Why We Love: The Nature and Chemistry of Romantic Love
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Why We Love: The Nature and Chemistry of Romantic Love

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by Helen Fisher
     
 

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A groundbreaking exploration of our most complex and mysterious emotion

Elation, mood swings, sleeplessness, and obsession—these are the tell-tale signs of someone in the throes of romantic passion. In this revealing new book, renowned anthropologist Helen Fisher explains why this experience—which cuts across time, geography, and

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Overview

A groundbreaking exploration of our most complex and mysterious emotion

Elation, mood swings, sleeplessness, and obsession—these are the tell-tale signs of someone in the throes of romantic passion. In this revealing new book, renowned anthropologist Helen Fisher explains why this experience—which cuts across time, geography, and gender—is a force as powerful as the need for food or sleep.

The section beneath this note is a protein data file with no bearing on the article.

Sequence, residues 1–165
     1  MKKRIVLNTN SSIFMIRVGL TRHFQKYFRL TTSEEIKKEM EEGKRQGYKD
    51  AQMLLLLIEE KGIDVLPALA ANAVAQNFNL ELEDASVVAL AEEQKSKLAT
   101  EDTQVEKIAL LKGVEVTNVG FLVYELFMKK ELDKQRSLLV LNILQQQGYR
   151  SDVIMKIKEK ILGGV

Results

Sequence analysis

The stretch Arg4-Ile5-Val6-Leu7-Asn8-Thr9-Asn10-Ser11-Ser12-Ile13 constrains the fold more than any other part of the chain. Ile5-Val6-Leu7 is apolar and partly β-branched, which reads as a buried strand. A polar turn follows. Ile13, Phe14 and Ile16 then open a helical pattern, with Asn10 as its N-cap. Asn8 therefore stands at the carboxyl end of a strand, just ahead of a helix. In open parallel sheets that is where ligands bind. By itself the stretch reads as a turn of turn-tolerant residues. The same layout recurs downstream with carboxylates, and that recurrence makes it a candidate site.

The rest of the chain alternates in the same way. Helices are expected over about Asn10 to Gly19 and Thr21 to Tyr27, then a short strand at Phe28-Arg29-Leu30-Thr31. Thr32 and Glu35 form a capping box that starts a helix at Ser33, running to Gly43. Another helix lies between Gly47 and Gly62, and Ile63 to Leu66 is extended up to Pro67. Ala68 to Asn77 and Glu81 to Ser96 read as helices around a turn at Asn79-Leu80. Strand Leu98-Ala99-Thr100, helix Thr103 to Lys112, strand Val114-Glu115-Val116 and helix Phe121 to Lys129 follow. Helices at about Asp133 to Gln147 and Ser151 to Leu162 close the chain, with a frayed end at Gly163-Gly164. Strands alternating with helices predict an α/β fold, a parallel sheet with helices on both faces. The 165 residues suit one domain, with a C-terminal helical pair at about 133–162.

Why We Love begins by presenting the results of a scientific study in which Fisher scanned the brains of people who had just fallen madly in love. She proves, at last, what researchers had only suspected: when you fall in love, primordial areas of the brain "light up" with increased blood flow, creating romantic passion. Fisher uses this new research to show exactly what you experience when you fall in love, why you choose one person rather than another, and how romantic love affects your sex drive and your feelings of attachment to a partner. She argues that all animals feel romantic attraction, that love at first sight comes out of nature, and that human romance evolved for crucial reasons of survival. Lastly, she offers concrete suggestions on how to control this ancient passion, and she optimistically explores the future of romantic love in our chaotic modern world.